Jan. 6 Panel Tells SCOTUS It Has Jurisdiction to Seek Trump Documents From Archives

The panel investigating the Jan. 6 Capitol is arguing that it has jurisdiction to seek archived documents from former President Donald Trump's administration that may provide more insight into the riot.

The House committee is asking the U.S. Supreme Court to allow an appeals court's earlier ruling, which said that the National Archives should give them access to the documents, to stay in place.

Trump's lawyers have sued to block the National Archives from turning over the documents, claiming that the select committee has "no legitimate legislative purpose" for seeking access to them. They also claimed that providing those documents would damage for future presidents the power of executive privilege, which the former president invoked to keep the documents out of the committee's hands.

Trump's lawyers asked the high court last week to hear arguments on his executive privilege claim aimed at keeping the documents within the archives. But lawyers for the Jan. 6 panel argued against his request in a court filing Thursday.

"Although the facts are unprecedented, this case is not a difficult one," the lawyers said in the filing, adding. "This Court's review is unwarranted, and the petition for a writ of certiorari should be denied."

If the Supreme Court decides not to hear Trump's appeal, the Dec. 9 appeals court's ruling would be final.

House Select Committee
The panel investigating the Jan. 6 Capitol is arguing that it has jurisdiction to seek archived documents from former President Donald Trump’s administration that may provide more insight into the riot. Rep. Bennie Thompson (D-MS) (C), chair of the select committee investigating the January 6 attack, speaks during a business meeting on Capitol Hill on December 13, 2021 in Washington, DC. Anna Moneymaker/Getty Images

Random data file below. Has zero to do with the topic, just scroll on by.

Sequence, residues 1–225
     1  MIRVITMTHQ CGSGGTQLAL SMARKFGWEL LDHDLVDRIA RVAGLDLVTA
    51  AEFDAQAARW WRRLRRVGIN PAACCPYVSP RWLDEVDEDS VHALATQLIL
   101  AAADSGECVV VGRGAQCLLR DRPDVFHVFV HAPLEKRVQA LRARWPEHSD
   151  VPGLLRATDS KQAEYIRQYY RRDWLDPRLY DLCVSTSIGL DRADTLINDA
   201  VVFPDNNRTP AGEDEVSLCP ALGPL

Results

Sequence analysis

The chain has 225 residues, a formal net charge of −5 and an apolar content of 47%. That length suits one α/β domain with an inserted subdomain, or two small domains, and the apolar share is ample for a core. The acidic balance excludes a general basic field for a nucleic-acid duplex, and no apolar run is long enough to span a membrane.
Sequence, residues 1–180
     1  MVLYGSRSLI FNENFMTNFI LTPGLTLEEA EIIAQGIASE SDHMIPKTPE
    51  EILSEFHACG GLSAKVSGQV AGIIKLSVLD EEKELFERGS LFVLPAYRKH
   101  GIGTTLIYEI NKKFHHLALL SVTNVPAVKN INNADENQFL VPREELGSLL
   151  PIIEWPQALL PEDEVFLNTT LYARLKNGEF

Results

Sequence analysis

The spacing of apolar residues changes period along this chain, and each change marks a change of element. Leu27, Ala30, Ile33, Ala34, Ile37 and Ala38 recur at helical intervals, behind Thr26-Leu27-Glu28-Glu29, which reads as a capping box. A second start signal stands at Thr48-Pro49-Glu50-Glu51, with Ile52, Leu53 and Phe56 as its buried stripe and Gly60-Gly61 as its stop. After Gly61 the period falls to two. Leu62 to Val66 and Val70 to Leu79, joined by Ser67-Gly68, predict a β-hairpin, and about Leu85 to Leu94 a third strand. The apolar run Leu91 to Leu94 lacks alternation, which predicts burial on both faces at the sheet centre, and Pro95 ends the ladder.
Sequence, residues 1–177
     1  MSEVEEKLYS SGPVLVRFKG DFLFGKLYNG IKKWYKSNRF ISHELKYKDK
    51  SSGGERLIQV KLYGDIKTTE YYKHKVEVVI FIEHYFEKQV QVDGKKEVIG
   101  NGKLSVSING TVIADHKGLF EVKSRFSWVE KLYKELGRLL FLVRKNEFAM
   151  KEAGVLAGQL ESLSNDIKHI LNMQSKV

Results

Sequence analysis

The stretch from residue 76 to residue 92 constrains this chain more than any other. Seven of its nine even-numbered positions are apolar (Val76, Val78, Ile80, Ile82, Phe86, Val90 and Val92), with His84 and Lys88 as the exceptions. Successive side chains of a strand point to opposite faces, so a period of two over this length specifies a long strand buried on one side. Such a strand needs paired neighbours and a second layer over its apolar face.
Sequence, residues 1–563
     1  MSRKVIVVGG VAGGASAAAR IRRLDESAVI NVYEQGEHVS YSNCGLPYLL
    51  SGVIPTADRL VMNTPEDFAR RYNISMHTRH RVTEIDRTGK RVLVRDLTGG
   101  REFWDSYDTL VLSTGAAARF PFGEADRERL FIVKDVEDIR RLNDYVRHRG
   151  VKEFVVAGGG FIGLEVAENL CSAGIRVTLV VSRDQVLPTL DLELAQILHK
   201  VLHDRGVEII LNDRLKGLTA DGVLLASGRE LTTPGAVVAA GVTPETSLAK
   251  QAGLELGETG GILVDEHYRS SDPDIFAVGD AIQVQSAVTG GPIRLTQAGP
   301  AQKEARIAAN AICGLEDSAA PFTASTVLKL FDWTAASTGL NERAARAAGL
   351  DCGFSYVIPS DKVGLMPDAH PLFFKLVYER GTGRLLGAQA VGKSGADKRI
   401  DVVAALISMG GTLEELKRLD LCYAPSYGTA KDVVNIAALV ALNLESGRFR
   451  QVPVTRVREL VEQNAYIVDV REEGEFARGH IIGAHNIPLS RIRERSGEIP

The nine-member congressional committee is investigating not just Trump's conduct on Jan. 6 — when he told a rally crowd to "fight like hell" shortly before rioters overran law enforcement officers — but also his efforts in the months before to challenge election results or obstruct a peaceful transfer of power.

Trump has attacked the committee's work and continued to promote unfounded conspiracy theories about widespread fraud in the election, even though Joe Biden's victory was certified by all 50 states. His claims have been rebuked by courts across the country.

The committee says the documents, including presidential diaries, visitor logs, speech drafts and handwritten notes, are vital to its investigation into the deadly riot at the Capitol aimed at overturning the results of the 2020 presidential election.

The U.S. Court of Appeals for the District of Columbia Circuit tossed aside Trump's various arguments asserting executive privilege, saying Congress has a "uniquely vital interest" in studying the events of Jan. 6. That panel also placed emphasis on Biden's determination that the documents were in the public interest and that executive privilege should therefore not be invoked.